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An opportunity to turn back nature

Manipur received a much needed shot in the arm towards efforts to regenerate green cover of the state with the central government’s decision to hand over an amount to the tune of rupees three hundred and nine as Compensatory Afforestation Fund Management and Planning Authority (CAMPA) fund to undertake afforestation and other related activities to preserve and regenerate nature and improve the environment. It is an Indian legislation that seeks to provide an appropriate institutional mechanism, both at the Centre and in each State and Union Territory, to ensure expeditious utilization in efficient and transparent manner of amounts released in lieu of forest land diverted for non-forest purpose which would mitigate impact of diversion of such forest land.
Compensatory Afforestation Fund Management and Planning Authority (CAMPA) are meant to promote afforestation and regeneration activities as a way of compensating for forest land diverted to non-forest uses. National CAMPA Advisory Council has been established as per orders of the supreme court with the mandates to lay down broad guidelines for State CAMPA, to facilitate scientific, technological and other assistance that may be required by State CAMPA, to make recommendations to State CAMPA based on a review of their plans and programmes, and to provide a mechanism to State CAMPA to resolve issues of an inter-state or Centre-State character.
 The amount handed over to the state will be utilized for compensatory afforestation, wildlife management, forest fire prevention, soil and moisture conservation works in forests, voluntary relocation of villages from protected areas, management of biological resources and biodiversity, research in forestry and monitoring of CAMPA works and activities provided in the Compensatory Afforestation Fund (CAF) rules, 2018.
The fund, if and when utilized properly will surely make a marked difference to the overall climatic condition in the state as well as the country as a whole as the funds are disbursed to twenty seven states in the country. The most significant change will undoubtedly be the rapidly soaring temperature each passing year. As in other parts of the country and indeed the world over, climate change has truly started to impact lives in more undesirable ways than the governments would care to admit, and such steps at reclaiming the rapidly declining green cover is a vital and timely step to curb the soaring temperature and the accompanying changes that are already impacting lives the world over. The significance of this step can be gauged by taking into consideration the panicky situation arising right this very moment across the farming sector due to the failure of monsoon this year, and if the past is any indication, the situation is bound to worsen with each passing year if preventive and corrective measures are not implemented in right earnest without further ado. A strict monitoring and constant appraisal of performance for which the funds are allocated need to be put in place with staffs who are well trained and motivated and equipped with the latest technology for the purpose.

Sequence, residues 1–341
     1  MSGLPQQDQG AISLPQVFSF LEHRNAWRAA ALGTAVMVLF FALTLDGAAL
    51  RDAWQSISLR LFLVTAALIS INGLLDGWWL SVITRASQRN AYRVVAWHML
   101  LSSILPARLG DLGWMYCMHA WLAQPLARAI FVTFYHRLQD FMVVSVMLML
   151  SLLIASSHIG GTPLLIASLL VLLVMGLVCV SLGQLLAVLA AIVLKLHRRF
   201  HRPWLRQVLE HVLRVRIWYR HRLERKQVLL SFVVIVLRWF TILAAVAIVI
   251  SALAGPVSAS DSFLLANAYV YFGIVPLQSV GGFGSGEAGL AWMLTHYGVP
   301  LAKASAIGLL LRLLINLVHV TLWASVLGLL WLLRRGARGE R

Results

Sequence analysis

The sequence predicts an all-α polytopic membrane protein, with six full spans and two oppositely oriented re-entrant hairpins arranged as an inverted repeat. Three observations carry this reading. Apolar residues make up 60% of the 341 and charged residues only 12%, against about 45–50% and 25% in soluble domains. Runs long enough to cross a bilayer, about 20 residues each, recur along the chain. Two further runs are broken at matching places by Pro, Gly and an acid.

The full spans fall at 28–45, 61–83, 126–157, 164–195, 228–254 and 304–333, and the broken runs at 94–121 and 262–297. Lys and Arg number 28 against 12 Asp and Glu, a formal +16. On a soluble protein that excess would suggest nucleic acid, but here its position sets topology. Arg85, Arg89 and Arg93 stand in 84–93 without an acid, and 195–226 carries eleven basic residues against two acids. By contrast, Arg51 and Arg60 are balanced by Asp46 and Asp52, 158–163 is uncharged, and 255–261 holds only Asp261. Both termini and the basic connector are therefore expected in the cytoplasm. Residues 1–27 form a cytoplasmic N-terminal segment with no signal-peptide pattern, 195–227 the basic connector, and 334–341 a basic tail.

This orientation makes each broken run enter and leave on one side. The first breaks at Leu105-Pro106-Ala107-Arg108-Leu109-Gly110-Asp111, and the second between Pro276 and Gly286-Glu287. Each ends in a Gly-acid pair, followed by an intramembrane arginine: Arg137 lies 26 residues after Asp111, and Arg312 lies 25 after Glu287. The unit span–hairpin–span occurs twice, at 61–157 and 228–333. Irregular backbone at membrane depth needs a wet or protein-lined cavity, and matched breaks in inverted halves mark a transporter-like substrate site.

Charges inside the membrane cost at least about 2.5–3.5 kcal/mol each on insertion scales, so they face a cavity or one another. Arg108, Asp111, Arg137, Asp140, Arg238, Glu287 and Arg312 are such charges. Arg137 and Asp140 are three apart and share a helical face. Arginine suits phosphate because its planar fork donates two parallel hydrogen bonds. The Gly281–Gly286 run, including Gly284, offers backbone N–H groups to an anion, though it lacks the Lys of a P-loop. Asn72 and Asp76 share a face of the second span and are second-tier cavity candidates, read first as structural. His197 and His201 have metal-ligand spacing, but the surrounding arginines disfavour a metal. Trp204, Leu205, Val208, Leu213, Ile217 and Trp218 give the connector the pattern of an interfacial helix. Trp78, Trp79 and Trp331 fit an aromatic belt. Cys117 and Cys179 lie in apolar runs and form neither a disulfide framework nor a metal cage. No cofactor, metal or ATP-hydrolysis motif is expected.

There is however a word of caution that needs to be spelled out at this juncture because, either by institutionalized convention or out of personal greed by a few persons entrusted with such funds, the manner of implementation of such funds has always left a bitter taste for the public and are seen as easy sources of personal wealth. The public’s perception towards such development funds in the state have so far been pessimistic, and are viewed with suspicion and fatalistic outlook. There is still a big slip between the cup and the lip, and the act of disbursing the fund should be taken as a starting point of a challenge we as a collective cannot afford to lose. The vagaries of climate change has left many parts of the world writhing in misery, and we are having it easy for now as nature has endowed the place with such generosity, but the time to lay back and look the other, expecting nature to heal itself is past. Climate change is a real and present threat which will spare none. We are given a lifeline, and what we do with it will determine the future course of this state, and for those who wields authority for such a vital task, how they perform will decide their future as either a redeemer or a pariah.   

Last modified onFriday, 30 August 2019 18:26
Jeet Akoijam

Jeet Akoijam, Resident Editor of Imphal Times hails from Singjamei Liwa Road. Has been with Imphal Times since its start. A National level Rugby player and  a regular Trekker and Nature Lover, loves spending time in lap of Mother Nature. Jeet is the father of two lovely kids. Jeet can be contacted at [email protected]

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